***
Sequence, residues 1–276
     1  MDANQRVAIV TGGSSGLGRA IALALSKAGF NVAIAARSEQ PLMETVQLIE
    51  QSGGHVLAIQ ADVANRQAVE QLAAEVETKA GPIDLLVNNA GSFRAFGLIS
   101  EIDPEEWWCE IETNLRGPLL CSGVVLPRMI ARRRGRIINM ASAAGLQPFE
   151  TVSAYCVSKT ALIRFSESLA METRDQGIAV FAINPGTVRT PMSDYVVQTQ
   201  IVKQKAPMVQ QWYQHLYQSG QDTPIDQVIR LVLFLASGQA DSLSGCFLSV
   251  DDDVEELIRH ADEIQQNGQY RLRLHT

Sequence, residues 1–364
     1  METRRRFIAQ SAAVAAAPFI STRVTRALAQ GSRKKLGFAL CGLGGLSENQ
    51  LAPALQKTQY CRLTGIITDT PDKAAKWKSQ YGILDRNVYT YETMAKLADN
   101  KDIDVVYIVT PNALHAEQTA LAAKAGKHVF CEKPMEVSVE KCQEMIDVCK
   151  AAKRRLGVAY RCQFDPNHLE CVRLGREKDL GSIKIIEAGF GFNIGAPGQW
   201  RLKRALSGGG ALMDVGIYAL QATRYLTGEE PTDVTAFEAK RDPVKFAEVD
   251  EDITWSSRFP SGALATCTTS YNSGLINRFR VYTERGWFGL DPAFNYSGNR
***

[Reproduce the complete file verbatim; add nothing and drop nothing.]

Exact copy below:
Sequence, residues 1–276
     1  MDANQRVAIV TGGSSGLGRA IALALSKAGF NVAIAARSEQ PLMETVQLIE
    51  QSGGHVLAIQ ADVANRQAVE QLAAEVETKA GPIDLLVNNA GSFRAFGLIS
   101  EIDPEEWWCE IETNLRGPLL CSGVVLPRMI ARRRGRIINM ASAAGLQPFE
   151  TVSAYCVSKT ALIRFSESLA METRDQGIAV FAINPGTVRT PMSDYVVQTQ
   201  IVKQKAPMVQ QWYQHLYQSG QDTPIDQVIR LVLFLASGQA DSLSGCFLSV
   251  DDDVEELIRH ADEIQQNGQY RLRLHT

Sequence, residues 1–364
     1  METRRRFIAQ SAAVAAAPFI STRVTRALAQ GSRKKLGFAL CGLGGLSENQ
    51  LAPALQKTQY CRLTGIITDT PDKAAKWKSQ YGILDRNVYT YETMAKLADN
   101  KDIDVVYIVT PNALHAEQTA LAAKAGKHVF CEKPMEVSVE KCQEMIDVCK
   151  AAKRRLGVAY RCQFDPNHLE CVRLGREKDL GSIKIIEAGF GFNIGAPGQW
   201  RLKRALSGGG ALMDVGIYAL QATRYLTGEE PTDVTAFEAK RDPVKFAEVD
   251  EDITWSSRFP SGALATCTTS YNSGLINRFR VYTERGWFGL DPAFNYSGNR